Finished my weekend off with a nice relaxing ride on my chopper. Never got the chance to get out on my SS'er-just flat ran out of time.
The chopper is great when you are going downhill or are on level ground........uphill kinda sucks. Since we live at the top of a hill, I ride it down the hill and spend an hour or two riding the flat sections of the local neighborhoods.
I get lots of stares and obviously, kids love the thing. On the way home, I even made it back up the hill to my house. I totally had to as there were a whole group of kids playing at the top of the hill I live on and there ain't no way I was gonna get off and push my 45 pound bicycle in front of them.
After all, what self respecting 46 year old guy would be seen pushing his chopper up a hill?
Our son and I went to Wal-Mart to pick up all the supplies we need to go fishing this year. While we where there..............I saw the Air Soft display and like the little boy I am on the inside.......
We (or more correctly, me) bought a gun to use for target practice.
I checked around on some of the Air Soft web pages and most of the guns I saw look like real guns. I don't know if that's the smartest thing ever, the one we bought is bright neon blue with an orange tip-it will be hard to mistake for a real gun when we are in the backyard shooting little plastic pellets at the target board.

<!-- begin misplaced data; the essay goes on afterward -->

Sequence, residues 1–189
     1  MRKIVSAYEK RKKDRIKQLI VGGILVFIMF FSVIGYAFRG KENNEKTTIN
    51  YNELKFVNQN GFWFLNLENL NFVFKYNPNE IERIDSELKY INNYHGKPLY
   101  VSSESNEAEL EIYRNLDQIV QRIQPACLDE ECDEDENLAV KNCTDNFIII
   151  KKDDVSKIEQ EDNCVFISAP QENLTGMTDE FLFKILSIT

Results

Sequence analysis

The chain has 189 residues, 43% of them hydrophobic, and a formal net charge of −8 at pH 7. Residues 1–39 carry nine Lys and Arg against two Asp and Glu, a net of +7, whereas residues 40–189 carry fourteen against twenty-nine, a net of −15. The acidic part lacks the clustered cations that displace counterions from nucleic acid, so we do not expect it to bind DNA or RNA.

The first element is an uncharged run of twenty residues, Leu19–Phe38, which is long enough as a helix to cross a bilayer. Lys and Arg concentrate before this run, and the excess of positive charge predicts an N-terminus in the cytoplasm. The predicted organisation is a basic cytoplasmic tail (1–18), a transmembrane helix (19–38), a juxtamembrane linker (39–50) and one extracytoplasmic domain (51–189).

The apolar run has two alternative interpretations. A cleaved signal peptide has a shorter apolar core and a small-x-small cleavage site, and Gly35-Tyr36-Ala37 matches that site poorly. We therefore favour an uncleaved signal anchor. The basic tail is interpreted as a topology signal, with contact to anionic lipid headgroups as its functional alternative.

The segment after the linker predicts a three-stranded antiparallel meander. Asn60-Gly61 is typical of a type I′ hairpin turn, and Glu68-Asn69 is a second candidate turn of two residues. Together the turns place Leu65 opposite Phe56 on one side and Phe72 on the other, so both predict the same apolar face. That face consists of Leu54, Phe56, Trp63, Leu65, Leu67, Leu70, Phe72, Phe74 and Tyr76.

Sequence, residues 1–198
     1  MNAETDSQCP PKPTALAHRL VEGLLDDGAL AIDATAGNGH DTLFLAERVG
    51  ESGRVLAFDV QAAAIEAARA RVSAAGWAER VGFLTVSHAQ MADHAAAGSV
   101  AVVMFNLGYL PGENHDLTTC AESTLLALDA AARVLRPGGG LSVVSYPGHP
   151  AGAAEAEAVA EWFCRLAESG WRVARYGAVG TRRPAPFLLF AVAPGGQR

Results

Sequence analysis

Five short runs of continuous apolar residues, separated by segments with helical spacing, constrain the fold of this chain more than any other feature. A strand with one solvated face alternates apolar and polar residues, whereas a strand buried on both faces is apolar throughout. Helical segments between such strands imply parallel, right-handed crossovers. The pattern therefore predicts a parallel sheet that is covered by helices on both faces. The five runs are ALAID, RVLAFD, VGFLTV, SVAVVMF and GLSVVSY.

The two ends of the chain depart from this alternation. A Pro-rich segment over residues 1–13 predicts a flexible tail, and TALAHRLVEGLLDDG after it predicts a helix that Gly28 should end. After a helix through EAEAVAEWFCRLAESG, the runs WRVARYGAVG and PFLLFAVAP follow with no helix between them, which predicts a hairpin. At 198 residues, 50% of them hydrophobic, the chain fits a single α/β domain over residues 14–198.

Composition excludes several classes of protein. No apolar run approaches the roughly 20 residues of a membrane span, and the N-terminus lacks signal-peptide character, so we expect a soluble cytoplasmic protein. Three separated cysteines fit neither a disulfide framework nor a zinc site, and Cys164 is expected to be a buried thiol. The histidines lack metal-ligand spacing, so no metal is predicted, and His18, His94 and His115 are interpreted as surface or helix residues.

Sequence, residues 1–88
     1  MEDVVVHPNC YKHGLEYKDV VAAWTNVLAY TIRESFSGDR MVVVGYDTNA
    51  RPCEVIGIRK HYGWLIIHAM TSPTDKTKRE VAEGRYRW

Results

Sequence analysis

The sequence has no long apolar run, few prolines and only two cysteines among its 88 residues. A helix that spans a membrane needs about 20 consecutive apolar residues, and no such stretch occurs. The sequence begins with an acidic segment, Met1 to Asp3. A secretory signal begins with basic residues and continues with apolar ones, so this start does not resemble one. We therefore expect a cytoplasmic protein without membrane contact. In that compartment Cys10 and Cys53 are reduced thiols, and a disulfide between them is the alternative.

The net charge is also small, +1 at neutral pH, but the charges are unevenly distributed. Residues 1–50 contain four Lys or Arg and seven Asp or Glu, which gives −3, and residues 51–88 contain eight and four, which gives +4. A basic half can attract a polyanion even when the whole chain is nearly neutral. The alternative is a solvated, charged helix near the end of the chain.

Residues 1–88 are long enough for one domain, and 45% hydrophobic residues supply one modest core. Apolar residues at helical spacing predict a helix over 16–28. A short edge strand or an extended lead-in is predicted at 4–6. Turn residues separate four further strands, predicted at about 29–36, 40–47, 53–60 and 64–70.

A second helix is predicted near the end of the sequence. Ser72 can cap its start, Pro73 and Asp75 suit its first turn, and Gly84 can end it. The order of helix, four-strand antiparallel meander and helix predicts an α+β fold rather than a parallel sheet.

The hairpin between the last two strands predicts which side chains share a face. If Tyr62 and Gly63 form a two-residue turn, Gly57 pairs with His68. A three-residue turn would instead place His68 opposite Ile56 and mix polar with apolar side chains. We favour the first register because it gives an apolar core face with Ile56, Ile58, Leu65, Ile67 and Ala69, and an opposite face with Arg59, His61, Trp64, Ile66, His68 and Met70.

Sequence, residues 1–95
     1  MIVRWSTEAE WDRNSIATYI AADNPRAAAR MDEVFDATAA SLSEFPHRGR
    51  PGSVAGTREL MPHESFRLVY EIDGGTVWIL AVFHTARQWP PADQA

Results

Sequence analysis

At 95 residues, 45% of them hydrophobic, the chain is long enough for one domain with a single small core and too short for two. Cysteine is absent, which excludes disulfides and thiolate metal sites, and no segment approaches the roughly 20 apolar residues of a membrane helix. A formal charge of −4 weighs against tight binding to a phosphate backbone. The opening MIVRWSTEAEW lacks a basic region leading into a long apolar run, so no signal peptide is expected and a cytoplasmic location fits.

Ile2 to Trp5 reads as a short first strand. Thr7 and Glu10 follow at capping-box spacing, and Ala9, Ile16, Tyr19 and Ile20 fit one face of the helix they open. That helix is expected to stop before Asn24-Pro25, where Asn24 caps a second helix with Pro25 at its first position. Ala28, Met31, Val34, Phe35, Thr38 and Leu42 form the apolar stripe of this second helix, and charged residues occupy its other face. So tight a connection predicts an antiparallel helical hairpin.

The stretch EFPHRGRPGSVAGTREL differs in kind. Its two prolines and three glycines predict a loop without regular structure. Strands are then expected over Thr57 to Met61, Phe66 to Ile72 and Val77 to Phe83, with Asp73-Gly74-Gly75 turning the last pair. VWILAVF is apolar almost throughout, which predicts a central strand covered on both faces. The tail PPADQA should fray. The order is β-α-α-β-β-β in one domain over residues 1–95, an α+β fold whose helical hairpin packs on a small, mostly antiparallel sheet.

I had a real BB gun when I was a kid and I alway had fun shooting at tins cans and the like, I told our son if he points it at or shoots at any living thing- the gun goes in the trash-one strike and your out.
Anyways, we are uptight and outtasight with fishing stuff, if it's nice this upcoming weekend-look out fish we are comin' to get you...........
Something tells me this is going to be a wild year for weather extremes in the US. Tornados usually don't start quite this early in the year do they?
I like what Rice is saying. It makes sense to me. Will anything become of it? I doubt it, I'm fairly sure that the Iraqi's are going to keep blowing each other up for the time being.
Religion and politics don't mix. Just don't ask George Bush. Gotta thank my buddy Doug for sending me this link. I had previously seen it, but he sent it to me between me writing this entry and posting it.......... he knows how much I admire President Bush:-)
My opinion might be simplistic, but make'em all citizens. At least then they will be paying taxes. Will business have to pay more for their services? You betcha, that's the cost of living in a free society and the rest of us have to be willing to pay it.
I swear, if I ever win the lottery..........I'll need a seperate building on my compound just for bikes. This would be one of them. that bike is tight. Thanks for the link, Stacey. I have a thing for bikes with fenders.
Today's science break and way cool wallpaper.
If you run Google Earth.......check out Las Vegas.
I look at stuff on eBay all the time, check this article out and use common sense when you're browsing.